With all the 25th anniversary releases out this summer, it's tempting to look back on 1985 as the pinnacle of good music. Which is somewhat at odds with the reputation the 80s has most of the time. Here, John Fogerty's Centerfield is dusted off and given a two-track boost to create a new release which, but for the last two songs, is the same as the original - but then, that's the point.
This is good old-fashioned country blues from the Creedence Clearwater Revival singer, songwriter and guitarist. Drums and steel-stringed guitar, sax and vocals, recorded in such a way that you can almost picture the band sat on a stage, rather than in a recording studio. It's pretty close to live music, in many ways.
Track 2 - Rock And Roll Girls - is a fine example of the spirit of this album, with good clarity of the different instruments at work, but still a coherent whole performance for the listener to revel in.
Track 10 - My Toot Toot - is one of the two new additions (along with the closing I Confess) and fits nicely alongside the nine original songs. An energetic piece, it's well worth a listen in its own right, and not just as a part of the added-value offered by this album.
As a side note, I Saw It On T.V. is also particularly enjoyable and evokes more than a little of the old Eagles/Jackson Browne spirit. Which is no bad thing, in my book.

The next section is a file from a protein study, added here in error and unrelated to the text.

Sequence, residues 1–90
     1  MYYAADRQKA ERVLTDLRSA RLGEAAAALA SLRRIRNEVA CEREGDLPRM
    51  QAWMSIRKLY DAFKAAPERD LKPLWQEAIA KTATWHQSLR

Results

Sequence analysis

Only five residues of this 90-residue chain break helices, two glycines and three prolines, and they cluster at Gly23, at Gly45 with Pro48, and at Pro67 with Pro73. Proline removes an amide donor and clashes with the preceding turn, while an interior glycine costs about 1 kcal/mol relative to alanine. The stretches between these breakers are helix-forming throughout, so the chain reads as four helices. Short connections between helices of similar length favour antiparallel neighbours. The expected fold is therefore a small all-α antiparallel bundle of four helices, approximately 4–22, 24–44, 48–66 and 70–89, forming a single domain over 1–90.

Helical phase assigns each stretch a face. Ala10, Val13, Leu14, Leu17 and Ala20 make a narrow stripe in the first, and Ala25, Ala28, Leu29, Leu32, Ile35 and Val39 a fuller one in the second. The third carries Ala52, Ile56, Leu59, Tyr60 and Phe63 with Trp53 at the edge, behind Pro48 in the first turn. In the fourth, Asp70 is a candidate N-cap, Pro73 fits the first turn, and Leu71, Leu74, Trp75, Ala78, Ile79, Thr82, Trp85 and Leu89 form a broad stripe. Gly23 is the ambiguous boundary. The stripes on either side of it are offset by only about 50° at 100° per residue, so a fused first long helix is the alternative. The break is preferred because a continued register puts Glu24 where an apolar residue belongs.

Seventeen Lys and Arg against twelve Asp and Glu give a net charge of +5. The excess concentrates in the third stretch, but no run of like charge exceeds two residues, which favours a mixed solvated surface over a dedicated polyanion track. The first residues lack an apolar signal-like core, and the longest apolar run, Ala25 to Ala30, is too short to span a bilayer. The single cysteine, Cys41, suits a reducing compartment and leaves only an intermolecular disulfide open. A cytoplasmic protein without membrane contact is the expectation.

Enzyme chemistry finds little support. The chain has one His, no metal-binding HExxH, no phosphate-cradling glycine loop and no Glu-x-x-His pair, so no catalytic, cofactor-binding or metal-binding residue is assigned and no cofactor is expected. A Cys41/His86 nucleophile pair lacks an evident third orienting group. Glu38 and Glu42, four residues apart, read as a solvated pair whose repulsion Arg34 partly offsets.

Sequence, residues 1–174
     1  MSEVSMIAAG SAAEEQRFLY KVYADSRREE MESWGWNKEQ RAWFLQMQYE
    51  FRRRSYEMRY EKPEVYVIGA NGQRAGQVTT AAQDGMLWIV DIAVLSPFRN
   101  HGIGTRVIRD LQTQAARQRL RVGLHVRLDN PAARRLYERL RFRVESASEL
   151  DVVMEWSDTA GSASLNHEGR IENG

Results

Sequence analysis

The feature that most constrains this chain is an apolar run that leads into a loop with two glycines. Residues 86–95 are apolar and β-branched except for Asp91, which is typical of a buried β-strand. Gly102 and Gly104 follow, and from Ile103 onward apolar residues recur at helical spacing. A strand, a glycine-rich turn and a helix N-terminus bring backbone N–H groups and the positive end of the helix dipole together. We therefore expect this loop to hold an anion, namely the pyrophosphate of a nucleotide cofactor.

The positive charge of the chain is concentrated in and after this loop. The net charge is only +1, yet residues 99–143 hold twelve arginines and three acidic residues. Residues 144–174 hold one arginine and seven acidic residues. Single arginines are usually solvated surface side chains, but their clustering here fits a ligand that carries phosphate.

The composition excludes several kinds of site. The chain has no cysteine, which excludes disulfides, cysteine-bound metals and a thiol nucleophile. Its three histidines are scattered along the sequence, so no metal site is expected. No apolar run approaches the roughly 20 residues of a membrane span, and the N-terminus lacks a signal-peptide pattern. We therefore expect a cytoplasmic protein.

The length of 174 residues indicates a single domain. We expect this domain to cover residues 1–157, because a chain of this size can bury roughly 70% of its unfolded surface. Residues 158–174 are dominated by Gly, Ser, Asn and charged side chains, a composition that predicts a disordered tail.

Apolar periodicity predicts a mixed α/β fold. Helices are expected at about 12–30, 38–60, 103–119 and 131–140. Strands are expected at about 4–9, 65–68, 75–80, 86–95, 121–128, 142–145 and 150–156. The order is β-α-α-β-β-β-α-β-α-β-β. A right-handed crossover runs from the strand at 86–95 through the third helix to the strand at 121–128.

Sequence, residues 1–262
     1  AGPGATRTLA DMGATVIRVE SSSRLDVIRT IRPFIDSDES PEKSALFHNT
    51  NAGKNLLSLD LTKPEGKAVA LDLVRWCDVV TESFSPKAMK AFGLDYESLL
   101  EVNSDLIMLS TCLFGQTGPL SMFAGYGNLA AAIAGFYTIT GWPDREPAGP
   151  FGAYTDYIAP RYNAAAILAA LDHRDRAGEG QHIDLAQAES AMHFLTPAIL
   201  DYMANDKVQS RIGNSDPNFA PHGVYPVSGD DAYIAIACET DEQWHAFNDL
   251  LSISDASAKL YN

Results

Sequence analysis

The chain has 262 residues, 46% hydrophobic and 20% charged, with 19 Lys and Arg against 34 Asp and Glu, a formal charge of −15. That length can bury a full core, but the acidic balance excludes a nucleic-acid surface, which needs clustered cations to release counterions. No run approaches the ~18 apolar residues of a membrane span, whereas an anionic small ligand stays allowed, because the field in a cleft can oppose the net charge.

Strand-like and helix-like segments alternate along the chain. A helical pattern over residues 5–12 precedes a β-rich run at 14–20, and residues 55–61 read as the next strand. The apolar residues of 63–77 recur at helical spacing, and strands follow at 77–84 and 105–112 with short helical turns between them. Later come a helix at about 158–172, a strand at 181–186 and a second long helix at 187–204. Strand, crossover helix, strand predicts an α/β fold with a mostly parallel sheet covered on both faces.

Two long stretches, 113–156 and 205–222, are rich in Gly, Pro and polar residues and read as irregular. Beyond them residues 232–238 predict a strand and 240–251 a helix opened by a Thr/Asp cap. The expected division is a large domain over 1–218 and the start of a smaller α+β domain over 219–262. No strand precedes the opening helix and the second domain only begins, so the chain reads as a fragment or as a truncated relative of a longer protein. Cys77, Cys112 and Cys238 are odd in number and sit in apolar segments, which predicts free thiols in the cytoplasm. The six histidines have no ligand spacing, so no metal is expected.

Well, it's hard to argue with the pedigree of an album still worthy of rerelease after 25 years. Critics claim that Fogerty's absence from the music world in the late 70s and until the release of Centerfield in 1985 is apparent in the songs - that they somehow sound more 80s than they might otherwise. Personally, I think the occasional use of electric guitars adds energy that will please some listeners, and is a useful means of boosting the variety that has probably helped to keep things sounding fresh two and a half decades on.
Are there any outright criticisms? Well no, not really. I have no bones to pick here. This is a timely collection of music that anchors well into the era in which it was first released. Don't expect a totally timeless listening experience - expect to reminisce. Or to learn something, if (like me) you had barely been born first time around.
Final Score: 75%